When financing the purchase or construction of a building that offers both commercial and residential units, this loan usually falls under Vancouver “mixed-use development mortgages.”
In typical cases, these buildings are business investments for developers who want to build retail shops on the first floor, and condos on the floors above. They often aim to do this in a commercially-zoned area, such as a downtown core or shopping location.
In other cases, these buildings can be seen with traditional convenience stores, pizzerias, etc. The business is on the ground floor, and a family may live above the business that they own.
The idea behind mixed-use developments can be a great way to secure returns on investment. Namely, this is because these buildings meet two segments of market demand in real estate: residential and commercial.
Once complete, the building’s residential condos can be rented or sold-off separately from their commercial units. Whether in the short or long term, savvy developers can easily earn back the cash that was put into the property’s initial construction. Plus, when these buildings are located in high-demand neighbourhoods, real estate in these areas can be marketed at higher price points.
While this type of property can be lucrative, the complexities around getting a mortgage for a mixed-used development can be a hurdle for some. Officially, financial products of this kind fall under the domain of commercial mortgages. But, they still require specialized knowledge, because of their residential components. The tricky parts come with city zoning restrictions; if the building is yet-to-exist, developers may need to go through rezoning applications, as a first step.
That said, for those with a specific business goal in mind, these are not impossible projects to obtain commercial mortgages for. A good mortgage broker can guide you through the steps needed to finance or buy such a property.
If you are looking to mortgage the build or purchase of a mixed-use development property, we encourage you to get in touch! Our brokers have over 10 years’ experience in the field of commercial mortgages, including Vancouver mixed-use development mortgages.
Below are some answers to FAQs you may have about mixed-used development mortgages in B.C.
How much of a down payment will I need to purchase a mixed-used development property in B.C.?
Mixed-used development properties generally come with higher loan-to-value (LTV) ratios compared with residential mortgages. This means more of a down payment is usually needed, thus requiring upfront cash to put into the project.Read more
That said, there isn’t a ‘standard’ rule for the down payment required by all lenders, on any type of mortgage. The market can be competitive and ‘wide open.’ Still, the general LTV range for mixed-use developments will be in the vicinity of 50% to 75%. This means you would need 25% to 50% as a down payment to fund this type of property with a mortgage (whether as a purchase or a new build).
On average, lenders usually offer 65% loans, based on the appraised value of the property. Translated, that means 35% down.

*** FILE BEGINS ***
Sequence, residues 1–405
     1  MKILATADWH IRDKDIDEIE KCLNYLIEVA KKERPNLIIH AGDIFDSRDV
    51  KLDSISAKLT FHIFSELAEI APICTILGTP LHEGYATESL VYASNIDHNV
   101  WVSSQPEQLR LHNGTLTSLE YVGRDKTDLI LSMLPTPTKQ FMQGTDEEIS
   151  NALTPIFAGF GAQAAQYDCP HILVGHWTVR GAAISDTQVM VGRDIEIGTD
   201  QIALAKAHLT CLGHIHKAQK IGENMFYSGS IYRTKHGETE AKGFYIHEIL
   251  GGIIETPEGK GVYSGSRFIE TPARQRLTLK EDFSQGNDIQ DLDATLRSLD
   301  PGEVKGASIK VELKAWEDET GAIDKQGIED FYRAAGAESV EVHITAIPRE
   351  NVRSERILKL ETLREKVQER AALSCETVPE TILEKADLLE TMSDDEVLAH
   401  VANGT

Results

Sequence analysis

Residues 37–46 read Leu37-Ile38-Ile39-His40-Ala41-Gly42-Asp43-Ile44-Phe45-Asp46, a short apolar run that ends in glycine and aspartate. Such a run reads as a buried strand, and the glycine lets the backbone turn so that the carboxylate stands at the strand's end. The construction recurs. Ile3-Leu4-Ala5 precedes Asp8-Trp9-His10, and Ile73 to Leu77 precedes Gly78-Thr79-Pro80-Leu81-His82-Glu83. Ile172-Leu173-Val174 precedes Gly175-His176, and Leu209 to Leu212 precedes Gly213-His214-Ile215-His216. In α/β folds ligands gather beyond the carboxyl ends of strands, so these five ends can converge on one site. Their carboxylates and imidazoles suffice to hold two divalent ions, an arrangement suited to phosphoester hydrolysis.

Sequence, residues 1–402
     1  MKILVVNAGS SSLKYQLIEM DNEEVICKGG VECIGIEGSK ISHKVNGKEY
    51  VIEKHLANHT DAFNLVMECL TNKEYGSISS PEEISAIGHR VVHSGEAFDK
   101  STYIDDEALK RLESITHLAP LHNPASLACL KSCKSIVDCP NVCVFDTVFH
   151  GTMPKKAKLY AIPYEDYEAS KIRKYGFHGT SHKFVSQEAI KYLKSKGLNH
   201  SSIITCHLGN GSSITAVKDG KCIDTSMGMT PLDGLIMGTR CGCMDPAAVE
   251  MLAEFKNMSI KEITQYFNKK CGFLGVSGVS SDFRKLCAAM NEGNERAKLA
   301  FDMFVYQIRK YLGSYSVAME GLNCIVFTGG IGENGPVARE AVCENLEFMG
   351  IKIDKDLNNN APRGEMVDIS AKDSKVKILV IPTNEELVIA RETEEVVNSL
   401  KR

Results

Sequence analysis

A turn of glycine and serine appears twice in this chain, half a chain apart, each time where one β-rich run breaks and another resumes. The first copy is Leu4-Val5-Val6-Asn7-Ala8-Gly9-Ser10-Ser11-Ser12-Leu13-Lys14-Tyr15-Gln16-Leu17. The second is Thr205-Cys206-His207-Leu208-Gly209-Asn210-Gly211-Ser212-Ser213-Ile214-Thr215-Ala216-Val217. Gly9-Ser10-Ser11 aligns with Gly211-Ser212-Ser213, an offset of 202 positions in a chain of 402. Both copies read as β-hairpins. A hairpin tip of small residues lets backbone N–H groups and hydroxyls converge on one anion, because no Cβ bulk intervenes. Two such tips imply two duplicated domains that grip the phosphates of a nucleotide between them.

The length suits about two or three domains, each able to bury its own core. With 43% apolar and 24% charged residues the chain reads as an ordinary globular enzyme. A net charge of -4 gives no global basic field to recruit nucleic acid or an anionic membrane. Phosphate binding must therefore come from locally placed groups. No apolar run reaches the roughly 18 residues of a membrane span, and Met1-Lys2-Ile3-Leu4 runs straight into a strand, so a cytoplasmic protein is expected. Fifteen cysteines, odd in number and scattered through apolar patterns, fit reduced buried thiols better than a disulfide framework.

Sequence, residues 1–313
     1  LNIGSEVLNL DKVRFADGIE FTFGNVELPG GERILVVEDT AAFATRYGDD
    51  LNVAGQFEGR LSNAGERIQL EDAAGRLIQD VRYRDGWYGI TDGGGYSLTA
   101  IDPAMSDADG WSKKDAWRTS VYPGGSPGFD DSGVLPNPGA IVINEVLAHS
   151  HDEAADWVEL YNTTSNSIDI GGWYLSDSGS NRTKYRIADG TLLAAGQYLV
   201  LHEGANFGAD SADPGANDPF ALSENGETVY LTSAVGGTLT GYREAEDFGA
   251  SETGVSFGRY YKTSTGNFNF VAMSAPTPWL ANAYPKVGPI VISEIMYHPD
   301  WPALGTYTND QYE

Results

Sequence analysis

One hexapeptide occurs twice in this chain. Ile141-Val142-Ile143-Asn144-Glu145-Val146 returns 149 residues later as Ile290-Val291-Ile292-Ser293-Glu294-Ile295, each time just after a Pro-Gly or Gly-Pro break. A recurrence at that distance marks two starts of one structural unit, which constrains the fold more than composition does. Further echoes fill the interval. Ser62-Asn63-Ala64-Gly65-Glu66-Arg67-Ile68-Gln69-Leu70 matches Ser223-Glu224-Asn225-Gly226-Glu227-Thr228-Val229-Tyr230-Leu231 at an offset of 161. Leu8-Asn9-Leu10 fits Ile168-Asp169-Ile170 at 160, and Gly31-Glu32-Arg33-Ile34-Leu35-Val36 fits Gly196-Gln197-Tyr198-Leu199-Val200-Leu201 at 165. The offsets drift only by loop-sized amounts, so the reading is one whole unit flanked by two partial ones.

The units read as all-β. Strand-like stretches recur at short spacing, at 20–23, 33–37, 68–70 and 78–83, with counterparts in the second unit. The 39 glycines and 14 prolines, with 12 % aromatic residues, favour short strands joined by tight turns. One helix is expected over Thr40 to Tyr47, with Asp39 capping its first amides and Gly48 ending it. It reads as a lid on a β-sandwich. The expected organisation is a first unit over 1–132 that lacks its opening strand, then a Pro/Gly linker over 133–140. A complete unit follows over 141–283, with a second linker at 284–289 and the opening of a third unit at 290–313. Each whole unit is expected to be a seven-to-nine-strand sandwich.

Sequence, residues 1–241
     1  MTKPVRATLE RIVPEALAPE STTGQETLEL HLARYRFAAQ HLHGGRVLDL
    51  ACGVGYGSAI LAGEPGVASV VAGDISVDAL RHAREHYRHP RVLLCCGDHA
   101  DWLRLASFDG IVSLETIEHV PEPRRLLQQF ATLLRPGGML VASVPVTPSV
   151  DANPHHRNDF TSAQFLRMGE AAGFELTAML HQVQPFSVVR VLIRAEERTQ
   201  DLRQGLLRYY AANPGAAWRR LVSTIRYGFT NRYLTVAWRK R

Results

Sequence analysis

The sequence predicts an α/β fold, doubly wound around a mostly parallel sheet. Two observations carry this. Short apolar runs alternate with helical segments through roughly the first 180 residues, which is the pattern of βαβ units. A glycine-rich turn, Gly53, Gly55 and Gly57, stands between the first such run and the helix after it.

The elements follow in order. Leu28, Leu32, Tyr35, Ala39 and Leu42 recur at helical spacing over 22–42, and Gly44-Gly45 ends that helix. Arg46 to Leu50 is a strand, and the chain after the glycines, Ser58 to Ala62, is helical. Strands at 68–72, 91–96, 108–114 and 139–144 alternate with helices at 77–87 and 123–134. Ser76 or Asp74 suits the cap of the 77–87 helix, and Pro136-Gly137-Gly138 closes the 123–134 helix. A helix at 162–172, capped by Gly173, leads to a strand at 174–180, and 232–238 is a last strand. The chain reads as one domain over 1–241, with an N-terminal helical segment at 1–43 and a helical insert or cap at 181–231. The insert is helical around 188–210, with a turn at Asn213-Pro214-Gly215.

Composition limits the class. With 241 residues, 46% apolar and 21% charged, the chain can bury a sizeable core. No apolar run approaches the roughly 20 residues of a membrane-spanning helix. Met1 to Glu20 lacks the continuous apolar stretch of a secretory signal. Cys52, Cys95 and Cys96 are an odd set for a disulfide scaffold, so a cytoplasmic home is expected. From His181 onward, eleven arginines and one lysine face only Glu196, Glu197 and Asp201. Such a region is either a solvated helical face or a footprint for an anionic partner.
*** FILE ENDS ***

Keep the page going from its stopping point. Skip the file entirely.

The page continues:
Added costs to purchasing a mixed-use development property
Like when buying any real estate, mixed-use development purchases come with closing costs, lawyer fees, taxes and so on.
However, there is still more to know about the costs of buying this type of commercial property.
Reporting fees for the mortgage application
Firstly, you will need to pay for an appraisal, building condition assessment (BCA) and an environmental risk assessment (ERA). These reports must go into your mortgage application.
Selling price vs appraisal value cost differences
If you are buying an existing mixed-use building, your appraisal value and sale price will be different. The sale price will be based on the potential of future profit. Thus, it will be higher than its current value.
But, a creditor will only loan funds based on the current value of the building. In other words, you won’t get the whole amount, minus your down payment, from a mortgage lender. You will need to come up with the difference some other way.
Potential mortgage transfer fees and payments on an existing mortgage
If you need to buy bare land to secure a future development before applying to rezone it, you may have fees associated with the transfer of mortgage types, or the switching of lenders. You’ll also have to pay down a mortgage, or at least the interest on it, while you wait for approval on a rezoning application.
Minimum mortgage amounts and interest rates
As a general rule, larger banks will only consider mixed-use development loans that come to a minimum of $250K. In other words, if you want to borrow $249K, and use your cash to pay for the rest of the property, a bank will not consider your application. This is because they won’t earn enough on interest payments from such a small loan.
By comparison, the minimum for residential mortgages are usually around $50K. And still, these rules can vary from lender-to-lender.
So, you’ll need to consider the cost of maintaining a mortgage, and the type of mortgage you’ll qualify for. This is discussed in more detail, below.
It will also be important to note that these types of mortgages can not be insured. Regardless of the type of lender, this increases interest rates, since it adds risk.
To learn more about how insured and uninsured mortgages work, refer to the explanation on this page (it’s about residential mortgages, but the principles still apply to commercial mortgages).
How can I get the best terms and rates on a mixed-use development mortgage?
When it comes to getting the so-called, “best” terms and rates for a mixed-use mortgage, you’ll need to keep in mind that they will always be less favourable than for residential mortgages.
Plus, the added complexity of mixed-use property laws can mean that, in order to secure a loan and close the deal on a purchase, you might need to work with a lender who can be more flexible in some areas.Read more
However, keep in mind that if a lender is flexible with one or two factors, they will be strict with others. This is to minimize their own risk.
So, if you can’t get a loan from a ‘big bank,’ or an ‘A’ lender, there will be some ‘give and take’ that you’ll have to live with.